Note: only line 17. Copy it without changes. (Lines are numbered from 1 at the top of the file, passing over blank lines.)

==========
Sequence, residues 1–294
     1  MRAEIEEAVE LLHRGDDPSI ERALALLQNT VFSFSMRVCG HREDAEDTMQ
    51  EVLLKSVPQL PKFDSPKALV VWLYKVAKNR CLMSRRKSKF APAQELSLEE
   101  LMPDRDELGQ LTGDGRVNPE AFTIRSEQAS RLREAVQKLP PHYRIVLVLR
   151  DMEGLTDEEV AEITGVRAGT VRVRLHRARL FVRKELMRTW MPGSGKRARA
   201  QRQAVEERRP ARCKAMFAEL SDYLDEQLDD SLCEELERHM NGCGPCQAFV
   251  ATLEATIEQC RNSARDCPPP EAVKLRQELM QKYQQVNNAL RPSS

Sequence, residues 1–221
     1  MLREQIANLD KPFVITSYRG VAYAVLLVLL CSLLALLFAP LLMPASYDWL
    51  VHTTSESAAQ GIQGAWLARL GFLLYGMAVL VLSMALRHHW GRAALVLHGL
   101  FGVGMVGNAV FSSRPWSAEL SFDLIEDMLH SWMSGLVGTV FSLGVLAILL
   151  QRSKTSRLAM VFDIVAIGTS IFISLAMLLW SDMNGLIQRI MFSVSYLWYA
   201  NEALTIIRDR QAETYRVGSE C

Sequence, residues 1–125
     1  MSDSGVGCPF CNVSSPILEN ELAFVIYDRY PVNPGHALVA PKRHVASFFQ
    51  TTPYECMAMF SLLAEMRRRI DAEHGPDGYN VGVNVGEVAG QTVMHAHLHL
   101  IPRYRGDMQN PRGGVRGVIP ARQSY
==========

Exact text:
   101  IPRYRGDMQN PRGGVRGVIP ARQSY